Bob, Jim Bainbridge and Ray Vadenbroucke made the march together. Jim Bainbridge was ill with dysentery, so Bob and Ray carried him between them. At San Fernando, the three soldiers were packed into a boxcar. At Capas, they disembarked and walked the last miles to Camp O'Donnell.
Since conditions at Camp O'Donnell were extremely bad, Bob, Ray and Jim went out on a work detail to collect scrap metal. The POWs would tie ropes between cars or trucks and then tow them to San Fernando. Each man sat in a vehicle and steered it as it was pulled. He remained on the detail until November 1942.
When the detail ended, Bob was sent to Bilibid Prison outside of Manila because of malnutrition. He remained at Bilibid until April 1943, when he was sent to Cabanatuan. During his time as a POW, in addition to malnutrition, he also suffered from dysentery, beriberi, and pneumonia.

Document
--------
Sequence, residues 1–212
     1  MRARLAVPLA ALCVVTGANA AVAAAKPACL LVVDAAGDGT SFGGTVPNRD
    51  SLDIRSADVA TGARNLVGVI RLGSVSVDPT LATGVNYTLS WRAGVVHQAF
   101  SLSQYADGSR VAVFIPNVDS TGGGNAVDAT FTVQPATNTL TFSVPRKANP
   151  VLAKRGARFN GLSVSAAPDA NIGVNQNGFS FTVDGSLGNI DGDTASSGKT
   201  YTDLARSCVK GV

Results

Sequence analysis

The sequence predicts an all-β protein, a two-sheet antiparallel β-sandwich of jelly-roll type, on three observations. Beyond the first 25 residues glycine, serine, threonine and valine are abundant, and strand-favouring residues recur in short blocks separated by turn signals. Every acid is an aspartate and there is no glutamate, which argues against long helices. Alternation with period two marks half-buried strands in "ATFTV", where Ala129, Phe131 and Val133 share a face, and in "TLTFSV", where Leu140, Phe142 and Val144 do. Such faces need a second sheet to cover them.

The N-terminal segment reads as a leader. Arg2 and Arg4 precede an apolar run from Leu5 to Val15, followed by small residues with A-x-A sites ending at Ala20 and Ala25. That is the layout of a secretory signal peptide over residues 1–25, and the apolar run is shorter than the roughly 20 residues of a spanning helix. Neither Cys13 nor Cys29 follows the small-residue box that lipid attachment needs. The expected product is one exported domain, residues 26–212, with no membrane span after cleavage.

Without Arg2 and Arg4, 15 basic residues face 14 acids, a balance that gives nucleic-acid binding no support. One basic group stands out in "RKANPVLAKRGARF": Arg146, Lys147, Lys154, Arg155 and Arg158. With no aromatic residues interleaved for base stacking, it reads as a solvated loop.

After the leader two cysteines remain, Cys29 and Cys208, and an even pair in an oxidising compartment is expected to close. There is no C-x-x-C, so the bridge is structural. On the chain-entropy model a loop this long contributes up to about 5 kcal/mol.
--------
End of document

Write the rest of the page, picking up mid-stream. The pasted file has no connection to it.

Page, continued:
On August 13th, the POWs were taken to the Port Area of Manila. They boarded the Noto Maru and were packed into the holds of the ship. Bob and the other POWs were put into the hold of the ship back to back while standing up. When the hold was full, the Japanese closed the hatches. There was very little water and no sanitary facilities. For the men in the hold, food was not as important as water. Men began going crazy and would attack each other for the smallest reasons.
During the voyage, the prisoners heard a "bang" under the ship. They assumed that it was a torpedo from an American submarine. Another ship in the convoy that was carrying POWs was hit by torpedoes resulting in the deaths of almost 1500 Americans. The trip to Japan took eleven days to complete and resulted in the deaths of fourteen men. The prisoners were only allowed on deck once a day for about fifteen minutes.